In Weltover the Government of Argentina issued government negotiable bonds which were marketed to private parties as part of a government plan to stabilize Argentina's currency. Later, Argentina unilaterally rescheduled the maturity dates of the bonds when it anticipated it would be unable to financially redeem them. That action had an impact on the bondholders elsewhere, including in the United States. Id. at 609-10, 112 S.Ct. at 2164. In determining whether Argentina's action was commercial, the Court did not consider Argentina's reasons or motivation for entering the market. That likely would have immunized the whole transaction as sovereign, because Argentina issued the bonds to try to stabilize the national currency. The Court held, instead, that it mattered only that Argentina entered the market where it could find the bond buyers it needed. Id. at 614, 112 S.Ct. at 2166. That was a commercial, not a sovereign, act because any private person can enter the market. As a result, there was no immunity and the Court allowed the bondholders' suit against Argentina to proceed. Id. at 617, 112 S.Ct. at 2167-68. The same analysis applies, then, when the certification and registration of airplanes is involved. Honduras engaged in marketplace activity the same as private persons can and its actions are not protected by immunity.


To support its argument in favor of immunity, Honduras cites various cases which hold that a sovereign's acts are immune. All the cases in this area, however, must turn on their own facts and it is not necessary to try to reconcile them. In MOL, Inc. v. Peoples Republic of Bangladesh, 736 F.2d 1326, 1328-29 (9th Cir.1984), for example, the court held that the granting and then the revocation of a license to export monkeys was a sovereign act. It was sovereign, the court explains, because it involved regulating the country's export of its natural resources. The basis of the suit was not the alleged breach of the government contract for the sale of monkeys, but its revocation of the export license. That was part of the sovereign's right to regulate its exports and was therefore immune. That was not a case in which Bangladesh bargained for goods and services in the market and did not pay for them.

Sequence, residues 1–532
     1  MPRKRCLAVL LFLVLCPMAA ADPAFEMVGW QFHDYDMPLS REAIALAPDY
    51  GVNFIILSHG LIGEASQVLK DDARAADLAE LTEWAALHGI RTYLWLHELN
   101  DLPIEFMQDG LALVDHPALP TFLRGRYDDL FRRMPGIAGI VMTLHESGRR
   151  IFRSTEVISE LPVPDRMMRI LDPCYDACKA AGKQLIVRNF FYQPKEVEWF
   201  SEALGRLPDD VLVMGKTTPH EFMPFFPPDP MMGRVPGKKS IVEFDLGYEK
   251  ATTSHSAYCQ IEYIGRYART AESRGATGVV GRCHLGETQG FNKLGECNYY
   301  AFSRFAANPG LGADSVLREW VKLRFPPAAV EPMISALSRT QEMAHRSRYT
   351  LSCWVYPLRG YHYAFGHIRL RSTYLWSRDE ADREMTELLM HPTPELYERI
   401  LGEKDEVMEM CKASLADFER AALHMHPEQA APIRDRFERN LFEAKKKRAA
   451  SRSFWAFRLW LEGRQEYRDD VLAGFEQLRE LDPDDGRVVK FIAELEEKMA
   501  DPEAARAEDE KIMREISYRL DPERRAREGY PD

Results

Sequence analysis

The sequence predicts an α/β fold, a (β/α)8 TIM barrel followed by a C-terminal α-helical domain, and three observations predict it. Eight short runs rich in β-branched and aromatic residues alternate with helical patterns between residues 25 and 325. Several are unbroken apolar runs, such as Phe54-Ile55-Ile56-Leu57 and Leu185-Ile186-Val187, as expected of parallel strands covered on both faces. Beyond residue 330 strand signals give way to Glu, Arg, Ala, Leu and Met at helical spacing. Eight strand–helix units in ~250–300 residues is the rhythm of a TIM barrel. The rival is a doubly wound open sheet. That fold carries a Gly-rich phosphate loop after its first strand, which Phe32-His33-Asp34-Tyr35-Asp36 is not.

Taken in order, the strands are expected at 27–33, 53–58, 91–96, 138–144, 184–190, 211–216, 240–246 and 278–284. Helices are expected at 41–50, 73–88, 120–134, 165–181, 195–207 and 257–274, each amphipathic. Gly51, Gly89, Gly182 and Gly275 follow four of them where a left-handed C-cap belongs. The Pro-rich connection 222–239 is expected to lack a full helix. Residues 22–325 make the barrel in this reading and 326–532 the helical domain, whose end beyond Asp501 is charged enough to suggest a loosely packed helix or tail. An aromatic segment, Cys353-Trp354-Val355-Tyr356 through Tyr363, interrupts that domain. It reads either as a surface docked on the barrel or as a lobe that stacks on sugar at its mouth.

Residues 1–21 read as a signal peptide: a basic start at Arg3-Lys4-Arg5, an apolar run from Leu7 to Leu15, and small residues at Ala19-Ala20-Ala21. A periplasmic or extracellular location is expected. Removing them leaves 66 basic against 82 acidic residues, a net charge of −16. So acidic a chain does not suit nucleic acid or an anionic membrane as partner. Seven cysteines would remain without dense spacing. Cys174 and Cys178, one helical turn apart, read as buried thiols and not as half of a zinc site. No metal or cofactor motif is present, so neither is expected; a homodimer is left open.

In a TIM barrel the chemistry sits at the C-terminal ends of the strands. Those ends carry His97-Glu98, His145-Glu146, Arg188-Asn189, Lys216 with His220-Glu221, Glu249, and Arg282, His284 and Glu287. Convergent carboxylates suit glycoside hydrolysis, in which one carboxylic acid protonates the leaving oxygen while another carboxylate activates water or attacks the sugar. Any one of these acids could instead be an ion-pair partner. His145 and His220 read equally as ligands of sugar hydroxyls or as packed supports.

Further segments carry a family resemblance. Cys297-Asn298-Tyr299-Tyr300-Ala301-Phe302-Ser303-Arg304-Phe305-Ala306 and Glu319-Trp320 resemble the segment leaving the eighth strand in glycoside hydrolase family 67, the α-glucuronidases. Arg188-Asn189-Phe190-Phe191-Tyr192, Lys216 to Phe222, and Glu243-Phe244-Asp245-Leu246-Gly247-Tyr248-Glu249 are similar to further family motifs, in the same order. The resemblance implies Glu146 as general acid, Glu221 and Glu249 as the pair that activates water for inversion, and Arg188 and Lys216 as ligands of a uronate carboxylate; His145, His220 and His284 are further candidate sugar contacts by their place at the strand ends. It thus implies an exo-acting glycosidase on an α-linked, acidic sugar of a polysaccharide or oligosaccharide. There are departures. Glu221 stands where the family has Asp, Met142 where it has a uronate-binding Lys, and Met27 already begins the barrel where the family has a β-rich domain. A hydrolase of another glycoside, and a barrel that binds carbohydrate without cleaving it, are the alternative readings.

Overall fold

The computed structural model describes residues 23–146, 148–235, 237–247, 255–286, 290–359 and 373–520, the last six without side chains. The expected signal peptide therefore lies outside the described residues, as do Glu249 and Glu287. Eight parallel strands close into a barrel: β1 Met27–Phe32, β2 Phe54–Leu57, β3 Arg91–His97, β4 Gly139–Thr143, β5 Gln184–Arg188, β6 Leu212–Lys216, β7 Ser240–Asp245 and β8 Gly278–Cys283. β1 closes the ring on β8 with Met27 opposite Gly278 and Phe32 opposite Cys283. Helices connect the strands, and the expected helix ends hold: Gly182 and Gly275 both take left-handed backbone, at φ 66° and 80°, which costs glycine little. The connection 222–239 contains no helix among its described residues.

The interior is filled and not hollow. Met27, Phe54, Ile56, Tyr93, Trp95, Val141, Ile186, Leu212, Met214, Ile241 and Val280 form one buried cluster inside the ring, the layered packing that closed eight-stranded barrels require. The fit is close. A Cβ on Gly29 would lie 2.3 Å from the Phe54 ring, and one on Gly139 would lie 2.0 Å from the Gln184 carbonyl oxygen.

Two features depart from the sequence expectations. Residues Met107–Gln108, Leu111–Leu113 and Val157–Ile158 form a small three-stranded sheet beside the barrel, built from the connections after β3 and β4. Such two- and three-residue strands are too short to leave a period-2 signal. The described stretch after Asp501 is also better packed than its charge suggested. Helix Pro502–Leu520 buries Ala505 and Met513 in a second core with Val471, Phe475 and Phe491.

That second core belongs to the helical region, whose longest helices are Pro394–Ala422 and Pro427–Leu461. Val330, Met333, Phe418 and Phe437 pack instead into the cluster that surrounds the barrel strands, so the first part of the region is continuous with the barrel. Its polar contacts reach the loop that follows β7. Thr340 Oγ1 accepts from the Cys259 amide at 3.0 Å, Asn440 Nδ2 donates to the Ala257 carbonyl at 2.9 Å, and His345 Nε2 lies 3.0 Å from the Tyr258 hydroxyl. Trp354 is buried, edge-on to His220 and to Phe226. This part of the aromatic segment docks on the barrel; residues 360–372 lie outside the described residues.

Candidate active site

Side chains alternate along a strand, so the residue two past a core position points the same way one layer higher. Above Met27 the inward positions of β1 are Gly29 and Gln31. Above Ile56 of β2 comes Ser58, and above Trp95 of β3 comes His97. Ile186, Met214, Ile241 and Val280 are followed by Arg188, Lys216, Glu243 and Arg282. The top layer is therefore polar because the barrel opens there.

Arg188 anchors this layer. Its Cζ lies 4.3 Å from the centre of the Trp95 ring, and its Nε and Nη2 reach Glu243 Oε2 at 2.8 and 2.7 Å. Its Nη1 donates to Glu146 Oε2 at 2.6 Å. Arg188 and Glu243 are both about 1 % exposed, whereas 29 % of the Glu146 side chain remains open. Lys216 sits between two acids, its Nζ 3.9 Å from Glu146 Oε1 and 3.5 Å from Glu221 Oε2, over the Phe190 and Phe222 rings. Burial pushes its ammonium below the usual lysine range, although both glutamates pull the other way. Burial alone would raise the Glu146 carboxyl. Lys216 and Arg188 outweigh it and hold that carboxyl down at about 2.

In Justice White's concurrence in Nelson he cites the testimony of a State Department officer who noted that there is no justification in international law for allowing a foreign state which enters the market as a private party to avoid the costs it incurs and shift the "everyday burdens of the marketplace onto the shoulders of private parties." 507 U.S. 349, 366 n. 2, 113 S.Ct. 1471, 1482 n. 2, 123 L.Ed.2d 47 (White, J. concurring).4 There is no justification for Honduras to try to shift to the plaintiffs its ordinary marketplace obligations for the goods and services that plaintiff companies furnished. At a minimum, Honduras would be unjustly enriched as plaintiffs allege in count II of the complaint.


Jurisdiction is properly in the Southern District of Florida. Our observations and holding are only for the purpose of reviewing the denial of the motion to dismiss. We do not intend to prejudge the merits which will have to await trial.


The district court also found that jurisdiction was satisfied under § 1605(a)(2) of the FSIA, based upon an act outside the territory of the United States in connection with commercial activity of Honduras which caused a direct effect in the United States. Those effects can be easily seen; as the district court noted, the offices and registry database were to be established and maintained in Florida, computers and other equipment were to be purchased in the United States, plaintiffs had DARs in Florida and had established a network of aircraft inspectors in the United States. 883 F.Supp. 685, 689. The only arguable aspect of the FSIA jurisdiction requirements is the commercial activity exemption, but that we have just passed on. We agree with the district court's findings, and we therefore affirm the district court on the FSIA issue.

B. Act of State Doctrine